Intervention in Greek crisis seen as France’s ‘vocation’
Parnell Summer School told France has always had a sense of its own importance
François Hollande: intervention in Greek crisis was part of France’s “historically self-imposed vocation to represent the cause of humanity”. Photograph: Charles Platiau/AFP/Getty Images
President François Hollande’s intervention in the Greek crisis was part of France’s “historically self-imposed vocation to represent the cause of humanity”, the Parnell Summer School was told.
The summer school has adopted France as its theme for this year.
Dr Patrick Claffey said France had an elevated sense of seeking to spread and impose its values on other countries.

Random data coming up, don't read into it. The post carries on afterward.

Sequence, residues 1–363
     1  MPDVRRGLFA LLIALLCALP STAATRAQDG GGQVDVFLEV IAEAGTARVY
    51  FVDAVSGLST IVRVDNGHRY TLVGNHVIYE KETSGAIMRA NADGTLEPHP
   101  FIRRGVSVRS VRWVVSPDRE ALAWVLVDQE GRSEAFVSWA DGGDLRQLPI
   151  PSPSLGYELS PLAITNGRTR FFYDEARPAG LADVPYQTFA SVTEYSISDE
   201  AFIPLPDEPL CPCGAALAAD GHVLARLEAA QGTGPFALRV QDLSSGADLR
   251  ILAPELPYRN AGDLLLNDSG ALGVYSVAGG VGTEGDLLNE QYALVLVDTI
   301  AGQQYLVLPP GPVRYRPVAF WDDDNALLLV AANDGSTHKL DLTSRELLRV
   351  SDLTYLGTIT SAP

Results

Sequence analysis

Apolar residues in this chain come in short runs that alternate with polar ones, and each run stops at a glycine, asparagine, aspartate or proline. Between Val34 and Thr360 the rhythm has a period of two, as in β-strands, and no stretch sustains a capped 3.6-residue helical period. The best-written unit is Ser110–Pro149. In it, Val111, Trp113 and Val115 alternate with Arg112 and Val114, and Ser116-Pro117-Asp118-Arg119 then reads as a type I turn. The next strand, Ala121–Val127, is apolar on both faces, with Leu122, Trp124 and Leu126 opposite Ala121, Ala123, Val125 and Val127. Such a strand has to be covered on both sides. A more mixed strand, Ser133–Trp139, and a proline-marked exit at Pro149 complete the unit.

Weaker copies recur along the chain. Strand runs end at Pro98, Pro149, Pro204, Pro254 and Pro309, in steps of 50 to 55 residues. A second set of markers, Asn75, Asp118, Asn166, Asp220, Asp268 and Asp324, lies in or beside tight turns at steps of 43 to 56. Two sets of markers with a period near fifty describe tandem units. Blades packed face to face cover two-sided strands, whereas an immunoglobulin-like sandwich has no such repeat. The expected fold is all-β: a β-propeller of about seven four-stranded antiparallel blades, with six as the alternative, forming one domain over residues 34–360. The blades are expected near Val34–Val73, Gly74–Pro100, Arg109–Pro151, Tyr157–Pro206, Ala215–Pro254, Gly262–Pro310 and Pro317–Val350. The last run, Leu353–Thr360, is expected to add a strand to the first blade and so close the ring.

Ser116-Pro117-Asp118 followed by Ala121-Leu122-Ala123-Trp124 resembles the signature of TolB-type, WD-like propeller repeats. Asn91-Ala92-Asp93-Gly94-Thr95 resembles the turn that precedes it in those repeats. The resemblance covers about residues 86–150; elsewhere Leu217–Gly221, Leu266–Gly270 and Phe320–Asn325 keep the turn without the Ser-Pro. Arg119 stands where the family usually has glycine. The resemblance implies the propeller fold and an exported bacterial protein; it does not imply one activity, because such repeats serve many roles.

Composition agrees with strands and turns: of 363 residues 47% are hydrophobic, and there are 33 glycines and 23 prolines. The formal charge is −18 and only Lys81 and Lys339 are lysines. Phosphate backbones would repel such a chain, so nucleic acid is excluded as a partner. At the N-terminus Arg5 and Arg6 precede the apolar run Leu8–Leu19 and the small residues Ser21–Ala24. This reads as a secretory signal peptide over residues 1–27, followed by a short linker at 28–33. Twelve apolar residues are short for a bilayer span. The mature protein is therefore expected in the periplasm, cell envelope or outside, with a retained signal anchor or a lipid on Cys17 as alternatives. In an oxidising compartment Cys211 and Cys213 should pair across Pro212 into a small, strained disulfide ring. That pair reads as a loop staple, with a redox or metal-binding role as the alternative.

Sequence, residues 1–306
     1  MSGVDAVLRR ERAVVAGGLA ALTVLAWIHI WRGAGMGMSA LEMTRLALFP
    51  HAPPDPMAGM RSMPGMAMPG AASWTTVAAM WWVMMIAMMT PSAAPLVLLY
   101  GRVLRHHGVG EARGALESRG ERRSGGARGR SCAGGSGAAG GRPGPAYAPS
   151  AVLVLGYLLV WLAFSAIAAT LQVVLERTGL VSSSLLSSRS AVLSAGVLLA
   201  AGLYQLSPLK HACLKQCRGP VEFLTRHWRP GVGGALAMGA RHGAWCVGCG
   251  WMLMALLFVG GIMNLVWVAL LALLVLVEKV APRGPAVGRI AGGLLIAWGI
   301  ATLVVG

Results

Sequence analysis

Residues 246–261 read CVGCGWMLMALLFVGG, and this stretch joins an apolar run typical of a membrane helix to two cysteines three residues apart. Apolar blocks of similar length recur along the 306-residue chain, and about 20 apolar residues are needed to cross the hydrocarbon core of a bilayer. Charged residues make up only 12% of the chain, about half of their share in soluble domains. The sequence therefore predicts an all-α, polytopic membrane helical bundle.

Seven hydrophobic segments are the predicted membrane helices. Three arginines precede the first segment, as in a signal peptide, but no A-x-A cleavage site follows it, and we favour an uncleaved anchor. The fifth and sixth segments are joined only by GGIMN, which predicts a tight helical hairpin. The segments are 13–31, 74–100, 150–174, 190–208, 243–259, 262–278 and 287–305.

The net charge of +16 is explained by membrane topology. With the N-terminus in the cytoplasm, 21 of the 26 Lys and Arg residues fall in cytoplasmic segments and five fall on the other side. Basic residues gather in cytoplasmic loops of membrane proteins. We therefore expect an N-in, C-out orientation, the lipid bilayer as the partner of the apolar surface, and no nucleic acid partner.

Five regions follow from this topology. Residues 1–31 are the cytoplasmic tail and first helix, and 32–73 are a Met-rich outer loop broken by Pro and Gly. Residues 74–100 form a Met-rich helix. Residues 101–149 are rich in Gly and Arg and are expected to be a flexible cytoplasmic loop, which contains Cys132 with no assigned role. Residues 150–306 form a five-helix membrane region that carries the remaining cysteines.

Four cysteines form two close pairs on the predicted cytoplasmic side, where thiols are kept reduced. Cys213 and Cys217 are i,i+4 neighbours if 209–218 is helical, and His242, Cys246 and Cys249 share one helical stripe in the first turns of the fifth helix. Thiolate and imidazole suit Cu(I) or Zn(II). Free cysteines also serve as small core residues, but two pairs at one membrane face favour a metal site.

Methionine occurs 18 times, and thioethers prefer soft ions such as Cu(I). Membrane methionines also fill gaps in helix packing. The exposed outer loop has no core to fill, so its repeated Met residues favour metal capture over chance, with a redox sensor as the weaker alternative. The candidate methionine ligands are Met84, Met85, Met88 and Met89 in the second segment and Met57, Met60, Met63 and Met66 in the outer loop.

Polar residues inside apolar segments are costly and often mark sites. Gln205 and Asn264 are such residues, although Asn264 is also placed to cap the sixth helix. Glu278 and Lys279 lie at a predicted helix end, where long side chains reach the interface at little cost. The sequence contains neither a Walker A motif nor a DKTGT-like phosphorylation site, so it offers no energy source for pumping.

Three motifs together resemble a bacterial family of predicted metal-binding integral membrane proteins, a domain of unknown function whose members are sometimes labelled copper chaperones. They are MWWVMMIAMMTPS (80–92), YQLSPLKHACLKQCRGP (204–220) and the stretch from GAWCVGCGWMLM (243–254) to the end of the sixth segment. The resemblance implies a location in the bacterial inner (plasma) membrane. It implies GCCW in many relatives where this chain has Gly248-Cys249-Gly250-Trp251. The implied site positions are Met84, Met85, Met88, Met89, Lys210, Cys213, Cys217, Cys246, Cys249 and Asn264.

Dr Claffey, an academic at Trinity College Dublin, said Mr Hollande’s attempt to mitigate German demands for more austerity was an attempt to assert French values along with his own socialist instincts.
He noted Charles de Gaulle had stated he imagined France as the “princess of fables or the madonna of frescoes, as having a destiny which is both eminent and exceptional”.
“Our country as it is, among other countries as they are, must, under pain of mortal danger, aim high and remain upright. France cannot be France without greatness,” de Gaulle said.
Dr Claffey said others shared his vision of a “transcendent, universally applicable French norm for civilisation” especially in opposition to perceived “Anglo-Saxon” values.
He noted historian Ernest Lavisse had said “France is charged with representing the cause of humanity” while academic Jean d’Ormesson suggested that “France is haunted by a yearning towards universiality”.
Dr Claffey suggested that les valeurs républicaines (republican values) were regarded by the French as the “form towards which all democracies were slowly evolving”.